Maybe you’re halfway there, maybe you haven’t got a clue where you want to go, but this careers advice is universally applicable and (hopefully insightful for) students and graduates at every stage of the decision making process. Broken down into subjects, we discuss options you may not have considered and those you have.
STEM (Science, technology, engineering and maths graduates)
Roles in the development of business and information technology demand:
“innovative thinking, entrepreneurial spirit and the ability to relate well to colleagues.”
(BP degree matcher) Companies like BP can opt to consider a range of degree subjects and not just those directly related to the job. Degrees in STEM subjects lend themselves naturally to certain professions, with engineering grads arguably likely to become an engineer in their field of study. Outside of the more direct or traditional career trajectories, engineering grads can be great candidates for management consultancy, production, operational management or technical sales.
Scientists can look to go into law (with a conversion course and subsequent contract), environmental or other consultancy, science writing or systems development. Research, teaching and higher education are common routes into employment, with exciting options also on offer like a physicists’ option to become a meteorologist! Cool. Alternatively, the analytical skills that science degrees teach you are applicable to any role involving data. And since big data is the next big thing, that’s great news.
IT skills are red hot right now, with graduate internships and jobs in IT consultancy, technical support or web development seeking highly skilled candidates to match the demand for their services. IT skills are transferable, with industries from the creative to the technical looking to increase their digital presence and find new ways to promote and improve their services online and offline.
A maths based degree is essential for a career in finance, but also opens up doors for analytical roles in advertising, marketing, digital media or the healthcare sector.
Generally speaking, humanity degrees don’t limit your careers options to teaching, arts and culture. The skills you acquire from this BA course can put you in good stead to take on graduate roles in the public sector, marketing & PR, charity work, media, HR, business development or consultancy to name a few!
The research, communication and writing skills attained from an essay-based social sciences course are a good match for roles such as; Research Assistant, Marketing Assistant , Information Officer, Content Creator or jobs in the third sector which can range from admin to events or fundraising.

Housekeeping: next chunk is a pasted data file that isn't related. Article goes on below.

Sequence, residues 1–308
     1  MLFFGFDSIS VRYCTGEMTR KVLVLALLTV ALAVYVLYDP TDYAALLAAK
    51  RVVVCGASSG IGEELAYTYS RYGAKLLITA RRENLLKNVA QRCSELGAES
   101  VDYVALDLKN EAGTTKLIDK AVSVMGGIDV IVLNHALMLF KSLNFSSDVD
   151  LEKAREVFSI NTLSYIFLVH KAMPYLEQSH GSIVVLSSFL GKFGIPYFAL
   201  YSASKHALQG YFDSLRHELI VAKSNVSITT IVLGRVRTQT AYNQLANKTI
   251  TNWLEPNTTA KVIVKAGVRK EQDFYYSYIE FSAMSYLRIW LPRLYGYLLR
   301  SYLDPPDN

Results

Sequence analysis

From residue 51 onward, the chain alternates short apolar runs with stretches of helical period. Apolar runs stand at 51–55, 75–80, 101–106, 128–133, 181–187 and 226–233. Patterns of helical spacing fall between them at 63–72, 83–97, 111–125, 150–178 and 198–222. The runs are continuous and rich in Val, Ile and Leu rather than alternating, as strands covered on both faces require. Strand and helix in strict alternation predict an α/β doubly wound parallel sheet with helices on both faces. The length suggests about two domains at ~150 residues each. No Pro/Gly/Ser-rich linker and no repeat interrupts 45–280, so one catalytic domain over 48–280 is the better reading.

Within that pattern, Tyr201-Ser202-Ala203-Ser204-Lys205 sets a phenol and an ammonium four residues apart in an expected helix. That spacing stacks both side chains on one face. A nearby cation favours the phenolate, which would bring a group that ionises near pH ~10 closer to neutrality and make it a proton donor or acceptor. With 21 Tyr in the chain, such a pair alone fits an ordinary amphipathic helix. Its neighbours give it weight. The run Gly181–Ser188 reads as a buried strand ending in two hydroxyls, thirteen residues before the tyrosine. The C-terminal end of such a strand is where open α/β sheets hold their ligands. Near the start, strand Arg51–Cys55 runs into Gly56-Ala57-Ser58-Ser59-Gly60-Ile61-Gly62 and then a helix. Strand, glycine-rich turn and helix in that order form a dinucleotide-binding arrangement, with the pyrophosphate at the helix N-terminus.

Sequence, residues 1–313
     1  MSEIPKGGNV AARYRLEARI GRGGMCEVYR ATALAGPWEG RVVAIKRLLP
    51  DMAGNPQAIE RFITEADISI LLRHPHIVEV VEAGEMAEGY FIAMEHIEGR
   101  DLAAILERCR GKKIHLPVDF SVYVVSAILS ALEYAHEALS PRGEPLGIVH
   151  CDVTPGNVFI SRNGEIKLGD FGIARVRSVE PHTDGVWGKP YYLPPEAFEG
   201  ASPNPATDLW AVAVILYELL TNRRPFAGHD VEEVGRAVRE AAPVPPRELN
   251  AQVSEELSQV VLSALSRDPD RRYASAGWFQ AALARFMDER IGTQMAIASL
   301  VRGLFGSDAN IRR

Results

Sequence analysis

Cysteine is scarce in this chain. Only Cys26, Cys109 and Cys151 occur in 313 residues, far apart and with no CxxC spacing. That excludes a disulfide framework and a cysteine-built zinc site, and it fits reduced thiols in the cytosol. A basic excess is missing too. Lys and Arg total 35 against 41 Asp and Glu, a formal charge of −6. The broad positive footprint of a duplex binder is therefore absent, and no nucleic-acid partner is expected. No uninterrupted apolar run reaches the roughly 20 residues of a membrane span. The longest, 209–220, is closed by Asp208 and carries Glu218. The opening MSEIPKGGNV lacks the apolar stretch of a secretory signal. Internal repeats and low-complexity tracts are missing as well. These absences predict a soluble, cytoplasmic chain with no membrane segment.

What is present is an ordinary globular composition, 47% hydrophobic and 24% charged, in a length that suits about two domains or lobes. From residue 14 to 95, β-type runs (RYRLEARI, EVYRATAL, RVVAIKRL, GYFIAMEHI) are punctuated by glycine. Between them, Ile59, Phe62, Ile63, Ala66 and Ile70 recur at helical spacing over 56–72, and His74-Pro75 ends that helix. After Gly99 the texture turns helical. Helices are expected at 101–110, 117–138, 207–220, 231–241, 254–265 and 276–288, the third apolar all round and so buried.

A bilingual or multilingual candidate immediately stands out in the job application process, whether the role requires a second language to be spoken or the company is looking at a candidate’s confidence and ability to learn new things. Obviously, speaking more than one language opens up opportunities to work abroad, but there are also other vocational options to consider. Client services or account management roles (working with a variety of different clients or brands) in an international company can demand a second language. Client services provide a great chance to build business relationships and network, hit targets and experience business development. Creative industries like advertising and marketing – particularly at large or international agencies – often desire a second language in their employees. Language skills can also be an asset for a career in sales, consultancy or HR.
The moral of this story is that skills learnt in your degree are transferable to the workplace.
“A critical piece of the application process is connecting the dots between the experience you already possess and that which the position calls for.”
(mashable.com). Extra-curricular activities and additional studying or qualifications can have a positive impact on your chances of success, particularly if you have studied for one degree but are keen to get into something different. Maths doesn’t have to mean finance, and an English degree won’t always translate into a writing or content creation role. Explore career avenues and use employment agency websites and careers advice blogs to dissect industries, delve into job titles and requirements and discover what it all means!
Katie is the marketing assistant at Inspiring. A dancer and health & fitness enthusiast, she likes to move, tweet and blog.